Shane Jones knows a little bit about surrealism. In his first novel, Light Boxes , the inhabitants of a tiny town fought against perpetual February — and in his wonderful and hallucinatory new novel, Daniel Fights a Hurricane , the weather has only gotten meaner — and the people stranger. Because we’re so consistently bewitched by his work, we asked Jones to curate a list of essential surrealist reads for us, so we can pass the time between his novels a little more easily. He writes: “My motivation here isn’t to offer a pretentious list of obscure artsy books – I could very easily do that – but to provide suggestions for books that can be easily found, tastefully devoured, and will supply a healthy shot of the weird stuff. Nothing too weird, but also nothing too easy – no mentions of Salvador Dalí or my mother’s 1960s era fairy tale pictures that hang in the living room. Here are the essential surrealist works for everyone – some old, some new, all must-reads.” We wholeheartedly concur.
The Hundred Brothers by Donald Antrim
The family drama novel ripped apart and blended. The opening pages introduce all one hundred brothers, and Antrim spends the next 185 pages discussing the complexity of the brothers’ relationships while in the spare setting of a house. Most books labeled surreal are criticized for a lack of heart. The Hundred Brothers made me cry twice, especially when the narrator, Doug, says near the end: “I was nothing but another Doug.”
The Vet’s Daughter by Barbara Comyns
Published in 1959 and written in an offbeat style similar to Robert Walser but even stranger, Comyns walks the line between harsh reality and neon-colored dream when Alice learns she can levitate. When her father discovers her powers, he imagines the lucrative possibilities, and the book ends with a struggle between escapist dream and bruise-worthy reality with room for only one outcome.
Nothing by Blake Butler
Blake Butler’s black-magic fiction is some of my favorite stuff being written today, but it’s his 2011 memoir Nothing that opens a portal to the accessible via heartfelt autobiography. Watching Butler’s mind melt from reality-aware days to insomnia-cracked nights is absolutely beautiful and wonderfully strange.
The Orange Eats Creeps by Grace Krilanovich
Krilanovich carves up the teenager vampire book and fills it with the truly surreal. Think Harmony Korine remaking Twilight with a soundtrack by Alice Cooper and you have some idea, maybe. The narration for the most part is simple in execution and easy to read, but be prepared for sentences like the following: “Death is sewing a calico dress next to a fire in the ground.”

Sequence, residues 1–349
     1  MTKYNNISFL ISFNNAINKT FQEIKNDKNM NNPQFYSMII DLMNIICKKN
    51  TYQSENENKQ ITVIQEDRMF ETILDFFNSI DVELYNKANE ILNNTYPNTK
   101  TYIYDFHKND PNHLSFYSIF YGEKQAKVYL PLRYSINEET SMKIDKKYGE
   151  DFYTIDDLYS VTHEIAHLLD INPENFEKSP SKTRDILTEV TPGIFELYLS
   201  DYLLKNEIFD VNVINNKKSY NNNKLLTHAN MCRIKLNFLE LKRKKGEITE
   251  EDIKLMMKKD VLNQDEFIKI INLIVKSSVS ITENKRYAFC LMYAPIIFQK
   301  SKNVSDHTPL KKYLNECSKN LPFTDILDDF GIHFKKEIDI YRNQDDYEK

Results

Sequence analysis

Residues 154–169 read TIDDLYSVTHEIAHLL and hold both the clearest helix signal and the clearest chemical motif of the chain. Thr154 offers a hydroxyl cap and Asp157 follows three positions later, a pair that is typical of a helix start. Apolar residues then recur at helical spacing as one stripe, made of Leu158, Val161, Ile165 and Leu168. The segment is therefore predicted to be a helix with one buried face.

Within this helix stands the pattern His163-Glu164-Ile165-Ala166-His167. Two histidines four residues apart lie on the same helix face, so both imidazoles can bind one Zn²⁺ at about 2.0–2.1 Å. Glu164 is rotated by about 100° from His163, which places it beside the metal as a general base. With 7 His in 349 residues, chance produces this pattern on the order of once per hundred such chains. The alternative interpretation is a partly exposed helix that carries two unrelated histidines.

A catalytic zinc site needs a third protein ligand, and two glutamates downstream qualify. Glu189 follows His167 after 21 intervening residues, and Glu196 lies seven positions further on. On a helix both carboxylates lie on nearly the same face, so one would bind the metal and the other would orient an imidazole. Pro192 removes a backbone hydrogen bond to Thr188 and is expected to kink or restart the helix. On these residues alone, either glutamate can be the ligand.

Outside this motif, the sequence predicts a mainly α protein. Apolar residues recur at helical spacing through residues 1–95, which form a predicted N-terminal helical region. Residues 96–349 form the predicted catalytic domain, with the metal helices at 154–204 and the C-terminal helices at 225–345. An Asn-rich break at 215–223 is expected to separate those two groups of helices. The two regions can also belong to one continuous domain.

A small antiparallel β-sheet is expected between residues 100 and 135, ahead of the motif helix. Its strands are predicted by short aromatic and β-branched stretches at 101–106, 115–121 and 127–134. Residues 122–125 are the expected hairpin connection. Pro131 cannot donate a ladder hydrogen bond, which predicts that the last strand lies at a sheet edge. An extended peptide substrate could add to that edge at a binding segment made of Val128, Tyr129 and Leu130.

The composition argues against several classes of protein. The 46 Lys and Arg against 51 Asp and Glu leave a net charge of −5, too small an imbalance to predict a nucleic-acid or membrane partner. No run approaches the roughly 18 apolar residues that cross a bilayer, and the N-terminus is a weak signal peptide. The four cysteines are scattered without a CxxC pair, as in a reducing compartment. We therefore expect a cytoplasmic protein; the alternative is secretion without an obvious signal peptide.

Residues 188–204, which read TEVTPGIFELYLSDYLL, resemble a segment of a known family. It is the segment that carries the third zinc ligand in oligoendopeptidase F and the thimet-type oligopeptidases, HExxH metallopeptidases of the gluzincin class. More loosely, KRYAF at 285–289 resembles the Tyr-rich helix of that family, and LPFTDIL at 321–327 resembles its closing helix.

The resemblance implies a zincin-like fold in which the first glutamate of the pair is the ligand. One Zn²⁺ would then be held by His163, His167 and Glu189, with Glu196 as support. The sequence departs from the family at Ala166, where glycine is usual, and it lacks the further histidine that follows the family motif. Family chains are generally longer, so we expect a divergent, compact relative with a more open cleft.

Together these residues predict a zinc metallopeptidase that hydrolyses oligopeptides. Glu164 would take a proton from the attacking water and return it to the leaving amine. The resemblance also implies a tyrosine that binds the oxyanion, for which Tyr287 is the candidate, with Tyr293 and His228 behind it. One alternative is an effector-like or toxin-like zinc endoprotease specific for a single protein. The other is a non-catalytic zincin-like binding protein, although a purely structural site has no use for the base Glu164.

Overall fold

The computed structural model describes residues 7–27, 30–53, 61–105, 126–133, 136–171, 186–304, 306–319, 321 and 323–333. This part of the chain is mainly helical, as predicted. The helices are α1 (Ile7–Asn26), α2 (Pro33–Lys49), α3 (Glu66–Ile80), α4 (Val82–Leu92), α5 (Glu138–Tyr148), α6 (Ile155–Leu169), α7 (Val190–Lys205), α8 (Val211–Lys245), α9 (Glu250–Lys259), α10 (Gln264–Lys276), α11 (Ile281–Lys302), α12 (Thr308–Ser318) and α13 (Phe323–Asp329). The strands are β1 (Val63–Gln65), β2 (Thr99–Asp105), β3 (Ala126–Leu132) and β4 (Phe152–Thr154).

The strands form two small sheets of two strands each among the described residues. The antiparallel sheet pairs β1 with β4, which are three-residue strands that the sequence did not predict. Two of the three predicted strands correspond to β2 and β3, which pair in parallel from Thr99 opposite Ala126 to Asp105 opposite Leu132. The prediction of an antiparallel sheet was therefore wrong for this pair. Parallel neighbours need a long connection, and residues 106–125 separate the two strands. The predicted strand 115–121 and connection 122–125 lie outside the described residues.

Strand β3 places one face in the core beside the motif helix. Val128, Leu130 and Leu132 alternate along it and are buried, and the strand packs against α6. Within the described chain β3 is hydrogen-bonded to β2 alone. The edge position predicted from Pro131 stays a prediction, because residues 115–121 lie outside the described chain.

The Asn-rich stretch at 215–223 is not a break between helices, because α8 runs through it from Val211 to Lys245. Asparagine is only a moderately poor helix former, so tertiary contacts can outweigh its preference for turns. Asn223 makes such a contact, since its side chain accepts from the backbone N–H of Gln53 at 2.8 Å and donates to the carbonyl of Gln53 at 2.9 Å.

The Man Suit by Zachary Schomburg
There’s a poem in this book with no written title, just two telephones, one black, one white. Here’s a taste: “The black telephone is a motel for tiny spiders. One family of tiny spiders lives in DEF.” On another page: “The white telephone is God.” Enough said.
The Soft Machine by William S. Burroughs
Naked Lunch and The Wild Boys are personal favorites, but The Soft Machine is so truly messed-up and twisted that I don’t know how to describe it other than saying with a straight face that it’s a beautiful piece of art. Creepy, pretty, funny, dark, The Soft Machine is vintage Burroughs. This may be the least “for everyone” pick on the list that everyone needs to read.
Wide Eyed by Trinie Dalton
Is there anything more to say about this freak-book of short stories after you’ve seen the cover? Here’s one title to a story: “A Unicorn-Lover’s Road Trip.” Surrealism is often said to be too dark in tone, but Trinie Dalton’s Wide Eyed goes in the opposite direction and lands you in a world of wonder and sugar-coated fantasy.
Zirconia by Chelsey Minnis
A book of poems published ten years ago that is still refreshing to read today amongst the murk of much contemporary poetry. Minnis comes at emotions in new angles while keeping the strange front and center. The opening poem is one of my all-time favorites, and includes this stunner: “Then I think about the hazel waves of the ocean and the hot creamy lemon grasses of the moon.”
The Way Through Doors by Jesse Ball
A playful puzzle of a novel about a pamphleteer constructing an amnesiac’s memory through story that gets stranger with each page turned. The author of many books, this is Jesse Ball firing at full magical capability. I tend to dislike the “down the rabbit hole” statement when discussing surrealism, but The Way Through Doors embodies the saying with one major exception: all reality in the story is the rabbit hole.
In Watermelon Sugar by Richard Brautigan
In Watermelon Sugar delves deep into surreal territory with singing tigers and purple colored watermelons, but keeps a few roped anchors in reality with allusions to commune living and the importance of nature in a world of technology. Perhaps Brautigan’s biggest lesson in his masterpiece is that we all need to be more compassionate to each other. I realize this isn’t 1968, when the slim novel was first published, but the psychedelic prose still rings strange and true today.